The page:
- Puzzles are for the most part, genius
- Clever mix of ideas
- Story progression is handled well, introducing new ideas each stage
- Good presentation and soundtrack
- It’s not called Stealth Bastard anymore
- No share options for Level Editor
While Stealth Inc: A Clone in the Dark may have lost it’s slightly more controversial title since it launched on Steam last December (Stealth Bastard: Tactical Espionage Arsehole to give it its full name), Curve Studios have now brought the stealthy platform puzzler to PSN and thankfully it’s quite clear from the off that none of the quality has been lost in transition.
It’s quite hard to describe what Stealth Inc actually is, as throughout my playthrough, I was constantly reminded of a variety of different games. Cosmetically it’s a 2D Splinter Cell, our leading “Clone” even has the signature night-vision goggles rested on his bonce. At its very basic level it in fact does share a lot with Sam Fisher’s espionage-tinged outings, hiding in shadows makes you invisible to the numerous drones scouting each level. The eye wear in question lights up to indicate whether you’re hidden or in plain sight, crouching behind blocks and calculating your next move are the key tools from getting point-to-point.
It comes into its own by doing nothing else remotely similar to your usual stealth game. The Clone can’t kill, the only damage you’ll do is collateral as a result of a box being dropped to solve a sticky situation. Despite the premise, Stealth Inc. is first and foremost a puzzle game and one that’s takes pride in making you stop, think, scratch your head and work out what the bloomin’ hell you’re supposed to be doing.
At first it’s deceiving; I’ll admit that during the first stage (consisting of 8 levels plus 2 bonus ones), I was wondering whether the whole hide and seek concept could really hold out for the promised 80 levels. In reality it probably wouldn’t, but thankfully the story progression is handled beautifully, with a completely distinct feel in each one. Stage one simply sees you hiding in the shadows, dodging a few drones, shifting a few boxes, and generally taking a nice little stroll in the park.
Before you know it, you’re having to trigger light beams, tread carefully across sound-emitting floor pads, and make temporary green light grids appear to use at platforms to get to the goal. The way each new theme is introduced is brilliantly done, there’s always just the right amount of one thing before it’s put into the background and something completely fresh is introduced. The objective is always the same; simply get from the start to the exit. The trouble is that the door is locked tight, normally needing several terminals to hacked (littered across the level) in order for it to open.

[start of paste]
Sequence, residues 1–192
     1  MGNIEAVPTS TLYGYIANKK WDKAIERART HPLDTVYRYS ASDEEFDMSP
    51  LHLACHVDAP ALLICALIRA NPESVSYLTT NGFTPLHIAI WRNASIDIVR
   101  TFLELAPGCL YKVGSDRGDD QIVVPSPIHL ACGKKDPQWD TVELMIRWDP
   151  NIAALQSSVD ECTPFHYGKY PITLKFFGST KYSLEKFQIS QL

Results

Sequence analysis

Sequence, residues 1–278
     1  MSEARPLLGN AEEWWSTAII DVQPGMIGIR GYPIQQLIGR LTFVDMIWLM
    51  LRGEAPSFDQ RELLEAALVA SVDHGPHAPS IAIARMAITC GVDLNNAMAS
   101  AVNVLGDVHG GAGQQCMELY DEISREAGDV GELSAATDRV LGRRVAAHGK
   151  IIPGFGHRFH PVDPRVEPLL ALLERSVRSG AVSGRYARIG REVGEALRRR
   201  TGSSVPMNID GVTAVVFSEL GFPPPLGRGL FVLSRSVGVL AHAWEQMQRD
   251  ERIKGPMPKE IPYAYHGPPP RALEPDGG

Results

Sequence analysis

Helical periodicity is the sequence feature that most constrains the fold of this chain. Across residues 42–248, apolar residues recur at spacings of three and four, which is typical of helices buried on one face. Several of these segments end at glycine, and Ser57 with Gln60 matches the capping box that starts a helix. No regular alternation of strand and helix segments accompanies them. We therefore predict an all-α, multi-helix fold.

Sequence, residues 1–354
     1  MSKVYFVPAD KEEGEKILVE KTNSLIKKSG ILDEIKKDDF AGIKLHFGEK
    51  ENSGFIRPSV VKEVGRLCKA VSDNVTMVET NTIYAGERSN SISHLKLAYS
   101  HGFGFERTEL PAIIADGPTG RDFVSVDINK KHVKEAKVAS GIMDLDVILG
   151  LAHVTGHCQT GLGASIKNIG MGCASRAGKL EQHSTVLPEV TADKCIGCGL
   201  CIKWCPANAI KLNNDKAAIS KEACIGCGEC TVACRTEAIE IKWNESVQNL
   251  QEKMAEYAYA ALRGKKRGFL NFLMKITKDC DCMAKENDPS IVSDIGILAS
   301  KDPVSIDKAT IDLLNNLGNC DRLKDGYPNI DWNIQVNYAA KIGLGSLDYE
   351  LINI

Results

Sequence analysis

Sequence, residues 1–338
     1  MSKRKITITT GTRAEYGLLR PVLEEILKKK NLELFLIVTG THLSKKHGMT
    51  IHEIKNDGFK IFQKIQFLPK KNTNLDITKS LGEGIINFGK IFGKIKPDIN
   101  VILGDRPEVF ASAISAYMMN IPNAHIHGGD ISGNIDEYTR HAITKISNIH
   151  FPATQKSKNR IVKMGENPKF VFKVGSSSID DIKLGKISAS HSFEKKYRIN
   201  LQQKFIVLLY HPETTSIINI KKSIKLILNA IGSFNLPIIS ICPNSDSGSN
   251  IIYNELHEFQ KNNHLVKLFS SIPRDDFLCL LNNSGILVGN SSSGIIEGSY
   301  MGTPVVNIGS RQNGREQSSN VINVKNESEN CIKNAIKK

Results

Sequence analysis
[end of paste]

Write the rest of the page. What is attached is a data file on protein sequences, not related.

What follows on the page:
Stealth Inc feels like it borrows tiny elements from other games but uses them in a way in which it’s put its own spin on them. I needn’t tell you what ominous blue portal puzzles reminded me of, but the focus is rarely on physics and just a matter of planning, preparation and fast reactions. The way enemies are used to solve puzzles has a hint of Braid (albeit without the time-warping element), you’re often needed to manipulate their stomping ground in order for them to walk over switches that clear your path. Think of them as your own little herd of sheep. A little herd of sheep that will kill you should they cast their eyes upon you.
While casual players can stroll through the majority of levels at their own pace, the more devoted can strive for the S Ranks on each. They require levels of speed, reactions and perfection that most human beings dare dream of, and only making use of skill-inducing equipment can you put a good run together. Oddly, alternate suits and equipment are dished out on a per stage basis, so while a camouflage suit is unlocked after stage one, you’ll need to unlock it again on every level. Still, I guess the logic here is that you’re playing the game as it’s supposed to be played, without any cheaty game-breakers used from the off.
While there are a good number of levels (not even including another 20 available as DLC), the more devoted can get stuck into the Level Editor. This is probably the only area of the game I felt was a little bit underwhelming. The editor itself is fine; you can drop in your switches, bots and beams with no hassle and have a working level in no time at all. The problem comes with the lack of share options; you can make the best level ever but only you’ll be able to play it. It feels a bit like conducting a symphony in an abandoned warehouse.
What’s consistent throughout though is the quality of the presentation. Visually it doesn’t strain every part of the PS3 or Vita’s innards, but the deceivingly cutesy style coupled with cartoon gore make for a tight, stylized package. That’s accompanied by a pumping electro soundtrack that suits the constant on-edge feeling you get while tip-toeing around the various drones and obstacles in your path.
Stealth Inc has come out of nowhere to be up there with my favourite PSN games of the year. The puzzles are more often than not genius, and the way the gameplay is constantly switched-up means that you never get to the stage where you feel like you’ve had enough. While the Level Editor is something that could’ve been expanded upon, the story and the challenge it presents on its own is enough a reason enough to give it a go if you’re looking for a new kind of puzzle game. My biggest complaint is that it isn’t called Stealth Bastard anymore (thanks, Sony), which sums up the amount that the game does wrong in a nutshell.